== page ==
Welcome to Mailbox Monday, the weekly meme where book lovers share the titles they received for review, purchased, or otherwise obtained over the past week. It is now being hosted at the Mailbox Monday blog.
Here’s what I added to the shelves:
Pride, Prejudice and Cheese Grits by Mary Jane Hathaway — from Howard Books
This hilarious retelling of Jane Austen’s Pride and Prejudice tells the story of two hardheaded Civil War historians who find that first impressions can be deceiving.
Shelby Roswell, a Civil War historian and professor, is on the fast track to tenure — that is, until her new book is roasted by the famous historian Ransom Fielding in a national review. With her career stalled by a man she’s never met, Shelby struggles to maintain her composure when she discovers that Fielding has taken a visiting professorship at her small Southern college.
Ransom Fielding is still struggling with his role in his wife’s accidental death six years ago and is hoping that a year at Shelby’s small college near his hometown of Oxford, Mississippi, will be a reprise from the pressures of Ivy League academia. He never bargained for falling in love with the one woman whose career — and pride — he injured, and who would do anything to make him leave.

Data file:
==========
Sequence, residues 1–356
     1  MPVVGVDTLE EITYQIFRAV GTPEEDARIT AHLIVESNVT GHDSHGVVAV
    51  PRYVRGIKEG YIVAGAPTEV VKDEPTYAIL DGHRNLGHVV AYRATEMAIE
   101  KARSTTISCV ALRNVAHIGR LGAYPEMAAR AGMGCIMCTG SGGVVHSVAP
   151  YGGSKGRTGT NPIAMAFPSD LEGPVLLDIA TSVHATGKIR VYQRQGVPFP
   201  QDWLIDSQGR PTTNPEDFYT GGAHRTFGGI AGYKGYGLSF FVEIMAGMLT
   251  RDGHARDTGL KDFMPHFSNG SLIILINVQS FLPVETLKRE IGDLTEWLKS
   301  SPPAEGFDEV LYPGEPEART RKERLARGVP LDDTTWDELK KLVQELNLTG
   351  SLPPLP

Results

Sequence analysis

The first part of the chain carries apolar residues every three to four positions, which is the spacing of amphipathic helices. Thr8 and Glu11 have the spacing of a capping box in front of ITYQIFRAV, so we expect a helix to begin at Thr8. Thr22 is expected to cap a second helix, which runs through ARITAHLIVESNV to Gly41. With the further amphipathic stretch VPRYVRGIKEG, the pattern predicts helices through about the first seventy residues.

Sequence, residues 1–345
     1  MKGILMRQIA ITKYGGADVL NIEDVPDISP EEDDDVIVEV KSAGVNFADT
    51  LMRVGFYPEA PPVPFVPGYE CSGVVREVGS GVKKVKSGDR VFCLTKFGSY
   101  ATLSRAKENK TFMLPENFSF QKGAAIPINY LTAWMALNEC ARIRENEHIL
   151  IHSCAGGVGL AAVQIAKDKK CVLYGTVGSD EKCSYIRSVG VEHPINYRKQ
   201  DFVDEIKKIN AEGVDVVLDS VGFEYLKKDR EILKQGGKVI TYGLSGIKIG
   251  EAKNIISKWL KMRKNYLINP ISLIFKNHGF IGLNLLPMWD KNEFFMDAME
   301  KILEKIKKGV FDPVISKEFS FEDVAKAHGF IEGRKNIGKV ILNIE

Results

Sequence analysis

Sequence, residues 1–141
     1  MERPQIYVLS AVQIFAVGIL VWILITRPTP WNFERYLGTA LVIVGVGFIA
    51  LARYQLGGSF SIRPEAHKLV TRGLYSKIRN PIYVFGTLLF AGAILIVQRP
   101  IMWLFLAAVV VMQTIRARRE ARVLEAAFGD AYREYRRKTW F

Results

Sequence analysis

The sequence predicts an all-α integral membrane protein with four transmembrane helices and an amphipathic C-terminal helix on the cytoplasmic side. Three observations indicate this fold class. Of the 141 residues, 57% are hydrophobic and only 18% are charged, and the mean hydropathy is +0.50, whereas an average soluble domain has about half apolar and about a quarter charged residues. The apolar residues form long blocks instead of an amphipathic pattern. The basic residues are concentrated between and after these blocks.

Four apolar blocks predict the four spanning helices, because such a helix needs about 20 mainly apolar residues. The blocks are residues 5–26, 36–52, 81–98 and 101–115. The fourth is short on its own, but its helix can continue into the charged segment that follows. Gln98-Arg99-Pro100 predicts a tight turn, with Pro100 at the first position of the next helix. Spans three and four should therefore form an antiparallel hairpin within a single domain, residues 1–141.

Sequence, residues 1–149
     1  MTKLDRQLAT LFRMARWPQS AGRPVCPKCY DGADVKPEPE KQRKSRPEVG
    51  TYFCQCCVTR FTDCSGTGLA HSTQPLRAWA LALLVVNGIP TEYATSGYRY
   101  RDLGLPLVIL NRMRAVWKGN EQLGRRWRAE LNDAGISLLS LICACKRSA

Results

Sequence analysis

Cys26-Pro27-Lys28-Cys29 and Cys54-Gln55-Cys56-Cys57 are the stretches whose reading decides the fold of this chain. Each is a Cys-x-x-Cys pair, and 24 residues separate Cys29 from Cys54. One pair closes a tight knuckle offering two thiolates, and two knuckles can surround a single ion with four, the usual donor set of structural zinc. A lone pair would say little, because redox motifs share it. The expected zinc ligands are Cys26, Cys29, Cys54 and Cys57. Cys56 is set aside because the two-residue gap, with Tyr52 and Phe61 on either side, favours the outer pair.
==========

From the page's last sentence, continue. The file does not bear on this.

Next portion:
When these two hotheaded Southerners find themselves fighting over the centuries-old history of local battles and antebellum mansions, their small college is about to become a battlefield of Civil War proportions.
With familiar and relatable characters and wit to spare, this book shows you that love can conquer all…especially when price, prejudice, love and cheese grits are involved! (publisher’s summary)
The Sweetness by Sande Bortiz Berger — from Susannah Greenberg Public Relations
Vilna, 1941. When her family is forced from their ghetto by the invading Nazis, Rosha Kaninsky, a curious child, asks her grandmother why she is carrying nothing but a jug of lemons and water. “Something to remind me of the sweetness,” the wise woman tells her. Brooklyn, 1941. Rosha’s cousin, Mira Kane, a gifted teen with dreams of escaping to Hollywood to become a designer, finds her plans abruptly thwarted when her father — traumatized by the fate of his Vilna relatives — becomes intent on safeguarding those he loves from a brutal world. Meanwhile, unbeknownst to her American family, Rosha is alive, saved when her father thrusts her into the arms of a Polish Catholic candle maker. Inspired by true events, The Sweetness is a tale of heartbreak and hope at a most tragic time in history. (publisher’s summary)
Northern Lights by Tim O’Brien — from Broadway Books
Originally published in 1975, Tim O’Brien’s debut novel demonstrates the emotional complexity and enthralling narrative tension that later earned him the National Book Award. At its core is the relationship between two brothers: one who went to Vietnam and one who stayed at home. As the two brothers struggle against an unexpected blizzard in Minnesota’s remote north woods, what they discover about themselves and each other will change both of them forever. (publisher’s summary)
What books did you add to your shelves recently?
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